Why do attorney malpractice insurers require a backup attorney for solo practitioners?
About once a quarter we get a call from a solo attorney’s staff that the attorney is incapacitated. The last call that I took from a paralegal who stated that the attorney had been in the hospital for a month and will be there for another couple of months. This in of itself is a terrible situation for all involved. The call prompted by our follow up for the attorney malpractice renewal application.
Solo attorneys need to remember that they are running a small business. Employees and bills need to be paid. The mundane reporting that businesses need to do to meet local, state, and federal requirements continue regardless. In addition, they have dependents and clients that that depend on them.
An attorney’s obligations to clients and the courts are not terminated due to retirement, incapacity or even death. Not all issues to an attorney’s incapacity are related to old age. We live in an unpredictable world. Attorneys need plans in place to meet unpredictable events before they happen. This begins with having a backup attorney designated to cover.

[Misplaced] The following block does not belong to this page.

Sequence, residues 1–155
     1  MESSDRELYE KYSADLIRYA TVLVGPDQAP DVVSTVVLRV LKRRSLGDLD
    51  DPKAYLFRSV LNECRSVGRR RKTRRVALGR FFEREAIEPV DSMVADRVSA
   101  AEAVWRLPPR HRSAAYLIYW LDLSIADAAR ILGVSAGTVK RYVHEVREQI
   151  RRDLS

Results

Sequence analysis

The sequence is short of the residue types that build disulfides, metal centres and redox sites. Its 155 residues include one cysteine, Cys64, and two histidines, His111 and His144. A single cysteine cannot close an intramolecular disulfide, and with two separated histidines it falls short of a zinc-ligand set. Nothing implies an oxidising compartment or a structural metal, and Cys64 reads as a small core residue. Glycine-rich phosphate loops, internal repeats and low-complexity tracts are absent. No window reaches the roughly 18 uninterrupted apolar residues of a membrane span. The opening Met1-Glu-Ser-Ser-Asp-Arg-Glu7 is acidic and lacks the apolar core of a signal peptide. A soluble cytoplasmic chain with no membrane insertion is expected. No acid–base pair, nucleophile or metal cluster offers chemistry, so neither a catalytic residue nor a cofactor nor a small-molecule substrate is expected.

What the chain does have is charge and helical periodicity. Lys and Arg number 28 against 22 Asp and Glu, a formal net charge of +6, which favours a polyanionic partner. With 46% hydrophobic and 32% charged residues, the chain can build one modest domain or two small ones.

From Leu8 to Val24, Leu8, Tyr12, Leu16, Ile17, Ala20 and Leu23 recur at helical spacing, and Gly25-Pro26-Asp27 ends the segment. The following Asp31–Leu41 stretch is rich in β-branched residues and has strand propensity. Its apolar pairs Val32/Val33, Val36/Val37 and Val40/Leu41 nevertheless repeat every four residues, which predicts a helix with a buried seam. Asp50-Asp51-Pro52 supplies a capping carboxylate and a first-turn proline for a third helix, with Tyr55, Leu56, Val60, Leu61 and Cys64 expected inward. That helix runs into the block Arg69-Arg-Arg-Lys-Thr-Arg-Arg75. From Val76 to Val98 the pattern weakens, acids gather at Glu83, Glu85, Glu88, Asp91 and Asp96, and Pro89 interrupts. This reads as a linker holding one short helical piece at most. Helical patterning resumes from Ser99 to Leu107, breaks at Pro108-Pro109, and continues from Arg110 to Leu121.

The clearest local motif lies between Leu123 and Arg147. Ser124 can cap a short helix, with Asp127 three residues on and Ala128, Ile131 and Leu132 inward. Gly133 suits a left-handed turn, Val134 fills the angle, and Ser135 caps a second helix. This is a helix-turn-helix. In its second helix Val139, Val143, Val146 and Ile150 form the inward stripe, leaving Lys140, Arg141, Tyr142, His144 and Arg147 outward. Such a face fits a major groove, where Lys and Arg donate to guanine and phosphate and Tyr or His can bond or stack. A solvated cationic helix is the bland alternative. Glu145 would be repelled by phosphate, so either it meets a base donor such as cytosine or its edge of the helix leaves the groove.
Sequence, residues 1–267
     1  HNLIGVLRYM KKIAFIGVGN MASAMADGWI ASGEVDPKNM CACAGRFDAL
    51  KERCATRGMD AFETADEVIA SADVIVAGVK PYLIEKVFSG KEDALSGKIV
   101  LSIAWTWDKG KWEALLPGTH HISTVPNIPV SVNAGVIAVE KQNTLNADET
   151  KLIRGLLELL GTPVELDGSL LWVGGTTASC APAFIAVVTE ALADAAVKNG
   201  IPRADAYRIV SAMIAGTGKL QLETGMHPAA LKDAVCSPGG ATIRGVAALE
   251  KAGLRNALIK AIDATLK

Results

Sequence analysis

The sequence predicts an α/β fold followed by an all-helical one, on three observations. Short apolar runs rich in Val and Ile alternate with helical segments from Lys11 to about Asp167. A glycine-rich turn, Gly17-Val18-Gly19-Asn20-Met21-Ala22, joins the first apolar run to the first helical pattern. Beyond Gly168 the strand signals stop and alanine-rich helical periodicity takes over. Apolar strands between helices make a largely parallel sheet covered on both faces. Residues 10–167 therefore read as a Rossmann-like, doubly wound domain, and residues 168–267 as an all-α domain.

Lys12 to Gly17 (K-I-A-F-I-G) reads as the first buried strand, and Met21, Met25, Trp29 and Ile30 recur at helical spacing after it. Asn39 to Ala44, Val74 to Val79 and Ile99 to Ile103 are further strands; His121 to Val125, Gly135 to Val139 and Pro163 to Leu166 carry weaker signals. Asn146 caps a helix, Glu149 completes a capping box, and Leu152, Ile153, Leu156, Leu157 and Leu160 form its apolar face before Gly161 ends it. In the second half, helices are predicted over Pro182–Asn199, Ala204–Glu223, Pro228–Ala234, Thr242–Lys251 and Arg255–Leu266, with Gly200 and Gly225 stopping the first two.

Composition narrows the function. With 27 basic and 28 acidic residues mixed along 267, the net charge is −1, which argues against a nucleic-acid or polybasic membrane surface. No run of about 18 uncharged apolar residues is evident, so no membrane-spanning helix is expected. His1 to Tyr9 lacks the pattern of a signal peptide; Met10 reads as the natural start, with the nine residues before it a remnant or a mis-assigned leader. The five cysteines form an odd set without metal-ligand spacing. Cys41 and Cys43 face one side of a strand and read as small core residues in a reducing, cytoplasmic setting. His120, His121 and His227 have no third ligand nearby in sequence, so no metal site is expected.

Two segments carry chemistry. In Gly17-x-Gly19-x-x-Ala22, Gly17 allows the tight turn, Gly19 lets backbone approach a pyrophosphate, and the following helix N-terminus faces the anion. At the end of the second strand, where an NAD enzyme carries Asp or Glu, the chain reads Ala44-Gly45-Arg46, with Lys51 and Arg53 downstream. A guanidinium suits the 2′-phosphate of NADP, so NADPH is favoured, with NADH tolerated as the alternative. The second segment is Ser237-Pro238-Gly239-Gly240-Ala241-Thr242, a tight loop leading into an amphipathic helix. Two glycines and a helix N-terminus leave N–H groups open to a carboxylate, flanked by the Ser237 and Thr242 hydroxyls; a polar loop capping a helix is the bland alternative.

In addition, as the boomer generation continues to get older, succession-planning becomes even more important. Failure to plan for a successful transitioning of open matters, including a process for designating a backup attorney to address deadlines and court appearances, can lead to malpractice claims.
The last thing in the world that the conscientious attorney wants is having staff and dependents struggling to deal with not only the loss of the attorney, but suddenly thrust into the business of the law firm, clients and court obligations without preparation or a plan.
This requirement forces the attorney to deal with the unthinkable.
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Lee Norcross, MBA, CPCU
Managing Director, CEO
(616) 940-1101 Ext. 7080